This Card Game Could Change Your Understanding of History

Innovation covers 10,000 years in 45 minutes.

Flickr / CarbonNYC [in SF!]

For an age that’s obsessed with futurism, there are few better tabletop games than the 2010 masterpiece Innovation. The gameplay itself is engaging: a sequence of tactical choices, combined with luck, that lead to countless variations. But it’s the historical implications of the thoughtfully designed system that make it special.

Play Innovation and you may realize

  • that technology is the defining factor of every age.
  • that power is determined by random distribution of resources and intelligent use of them.
  • that technological progress is accelerating.
  • that we’re living in end times.

Innovation was created by Carl Chudyk, a designer who won acclaim in 2005 with Glory to Rome. To make Innovation, Chudyk turned to a 2004 textbook, The History of Science and Technology, by Bryan Bunch and Alexander Hellemans, which, over 800 pages, discusses the biggest innovations from prehistory to the information age. (That same book was the basis of an extensive analysis of technological progress by geneticist Jan Vijg.)

In Innovation, players are dealt cards with technologies on them, starting with prehistoric ones like agriculture, the wheel, and city states. Players use abilities on each card to score points, claim achievements, and unlock new tech. Each card also features abilities tied in some way to the technology: For example, archery lets you seize technology from an opponent, while writing unlocks more advanced technology.

Archery is a prehistoric technology that can be used to seize valuable cards.

Writing is a prehistoric innovation that lets you unlock more advanced technologies.

As the game continues, players encounter the biggest innovations of every age. Below we’ve listed the nine ages after prehistory, along with the dates ascribed to them in the textbook, and some innovations from each. Some of these innovations are inventions, while others are systems of thought and shifts in the way society is structured.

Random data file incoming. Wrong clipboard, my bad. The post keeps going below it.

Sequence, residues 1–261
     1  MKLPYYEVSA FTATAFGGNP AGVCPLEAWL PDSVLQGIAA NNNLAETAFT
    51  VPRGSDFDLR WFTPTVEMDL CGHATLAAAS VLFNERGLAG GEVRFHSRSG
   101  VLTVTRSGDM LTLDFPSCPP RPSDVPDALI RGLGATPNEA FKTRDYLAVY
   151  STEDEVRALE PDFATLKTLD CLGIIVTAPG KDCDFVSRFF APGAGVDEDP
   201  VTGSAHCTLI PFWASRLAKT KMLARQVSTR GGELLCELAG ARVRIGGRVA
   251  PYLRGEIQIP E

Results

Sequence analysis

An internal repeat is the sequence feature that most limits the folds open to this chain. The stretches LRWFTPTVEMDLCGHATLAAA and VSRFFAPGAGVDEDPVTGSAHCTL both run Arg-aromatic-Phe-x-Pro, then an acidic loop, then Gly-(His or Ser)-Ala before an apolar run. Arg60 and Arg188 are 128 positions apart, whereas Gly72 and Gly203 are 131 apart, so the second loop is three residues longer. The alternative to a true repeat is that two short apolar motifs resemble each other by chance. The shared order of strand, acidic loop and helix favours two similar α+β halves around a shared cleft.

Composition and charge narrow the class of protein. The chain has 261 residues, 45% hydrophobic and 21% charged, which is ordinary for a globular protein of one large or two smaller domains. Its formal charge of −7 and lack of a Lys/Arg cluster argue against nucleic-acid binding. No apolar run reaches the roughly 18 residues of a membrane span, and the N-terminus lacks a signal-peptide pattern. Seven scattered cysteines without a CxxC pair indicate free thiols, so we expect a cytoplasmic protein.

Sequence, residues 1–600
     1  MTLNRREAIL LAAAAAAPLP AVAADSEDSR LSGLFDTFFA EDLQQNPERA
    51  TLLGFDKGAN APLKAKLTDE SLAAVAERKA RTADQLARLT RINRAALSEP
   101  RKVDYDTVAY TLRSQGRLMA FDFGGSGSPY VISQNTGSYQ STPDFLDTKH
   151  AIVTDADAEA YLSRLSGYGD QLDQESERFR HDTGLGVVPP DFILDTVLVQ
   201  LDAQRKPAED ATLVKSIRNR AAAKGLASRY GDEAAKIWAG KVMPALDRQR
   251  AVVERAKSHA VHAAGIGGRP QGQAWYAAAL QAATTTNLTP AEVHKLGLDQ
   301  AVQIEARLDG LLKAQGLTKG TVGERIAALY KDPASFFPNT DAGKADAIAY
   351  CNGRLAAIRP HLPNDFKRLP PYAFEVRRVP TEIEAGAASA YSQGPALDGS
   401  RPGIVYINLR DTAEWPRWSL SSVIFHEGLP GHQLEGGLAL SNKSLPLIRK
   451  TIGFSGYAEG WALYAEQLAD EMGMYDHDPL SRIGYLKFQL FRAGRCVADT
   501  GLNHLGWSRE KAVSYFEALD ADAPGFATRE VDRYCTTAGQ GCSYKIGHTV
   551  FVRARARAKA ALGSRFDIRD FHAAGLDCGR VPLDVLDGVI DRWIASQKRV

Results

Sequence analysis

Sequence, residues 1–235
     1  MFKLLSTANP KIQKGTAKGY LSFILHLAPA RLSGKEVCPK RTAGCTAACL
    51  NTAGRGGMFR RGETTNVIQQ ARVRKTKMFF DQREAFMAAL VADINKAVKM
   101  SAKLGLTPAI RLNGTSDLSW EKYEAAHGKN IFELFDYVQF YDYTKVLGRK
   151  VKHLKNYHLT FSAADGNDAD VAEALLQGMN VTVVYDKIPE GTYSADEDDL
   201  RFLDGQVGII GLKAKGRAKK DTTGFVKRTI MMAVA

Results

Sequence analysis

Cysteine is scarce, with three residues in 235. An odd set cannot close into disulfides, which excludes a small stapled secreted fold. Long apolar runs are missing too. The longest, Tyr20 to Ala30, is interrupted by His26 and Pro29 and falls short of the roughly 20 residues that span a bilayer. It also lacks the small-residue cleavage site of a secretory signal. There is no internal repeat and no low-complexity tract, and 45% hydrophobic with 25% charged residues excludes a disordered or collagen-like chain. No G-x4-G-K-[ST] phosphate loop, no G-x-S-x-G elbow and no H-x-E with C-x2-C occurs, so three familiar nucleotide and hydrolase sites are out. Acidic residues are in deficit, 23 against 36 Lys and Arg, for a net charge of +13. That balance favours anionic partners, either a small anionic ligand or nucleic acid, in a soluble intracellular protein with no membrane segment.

The whole thing is a wonderfully simple overview of human history — and one that makes clear how technological progress is speeding up.

  • The Classical Age (600 BCE to 529 CE) features mathematics, philosophy, and canal building …
  • The Medieval Age (530 through 1452) has alchemy, medicine, and the compass …
  • The Renaissance (1453 through 1659) has perspective, anatomy, and gunpowder …
  • The Exploration Age (1660 through 1734) has chemistry, coal, and banking …
  • The Enlightenment (1735 through 1819) has atomic theory, canning, and emancipation …
  • The Romance Age (1820 through 1894) has the railroad, refrigeration, and evolution …
  • The Modern Age (1895 through 1945) has flight, quantum theory, and skyscrapers …
  • The Postmodern Age (1946 through 1972) has suburbia, computers, and satellites …
  • The Information Age (1973 through today) has A.I., the internet, and bioengineering …

Things get crazy when you reach the information age.

Each play through the game suggests a new variation on how history might have unfolded — like the computer game Civilization, but more conceptual. In one, a scientifically advanced society with a lot of gold might get demolished by monotheistic pirates. In another, an early discovery of coal might secure world domination.

One card, fission, will on rare occasions trigger what can only be interpreted as nuclear apocalypse: All players remove all cards from their hands and boards and score piles and continue the game with the odd assortment of ancient and modern technologies that remain.

The game ends when various winning conditions are met, including if any player attempts to draw a card beyond the information age. Whether this is Chudyk’s commentary on the singularity or some other imminent end to the human era is uncertain, but for those looking at the game abstractly, the metaphor is clear.

History geeks and game geeks will find further pleasure in two expansion packs.

Innovation: Echoes of the Past introduces several new game mechanics and more technologies, many of them surprising. Chopsticks, the flute, perfume, and soap are some prehistoric breakthroughs that offer subtle and at times powerful abilities. Some of these you might have to look up, like the classical technology of chaturanga — an ancient strategy game — or the exploration age technology of the palampore — a dyed cotton bedspread.

Things get even weirder in the Echoes of the Past expansion pack.

Innovation: Figures in the Sand adds several more mechanics and a set of historical individuals who can alter the rules of the game. From the prehistoric age, Imhotep, Hammurabi, and Daedalus are well known, at least in the West, but Sneferu, Sunshu Ao, and Huang Di are not. Historical knowledge plays little to no role in the game, but dominate an era with the help of Amina Sukhera, and you may want to know who she is — she’s a Muslim warrior queen who introduced kola nuts into cultivation.

What other game lets you play as Queen Amina?


Innovation is best played with 2 to 4 people and takes 30 to 90 minutes, depending on expertise. New players who take the time to learn the rules can play tactically from the start, despite not knowing all the technologies in the game. The same could be said, perhaps, of life and history.

Buy a copy of the game here. Play the janky online version here. Also check out “Glory to Rome” and Chudyk’s latest game, the Buddhist-temple-themed “Mottainai.”

Owlboy is the little game that could. Check out this video of the game’s 10-year journey.

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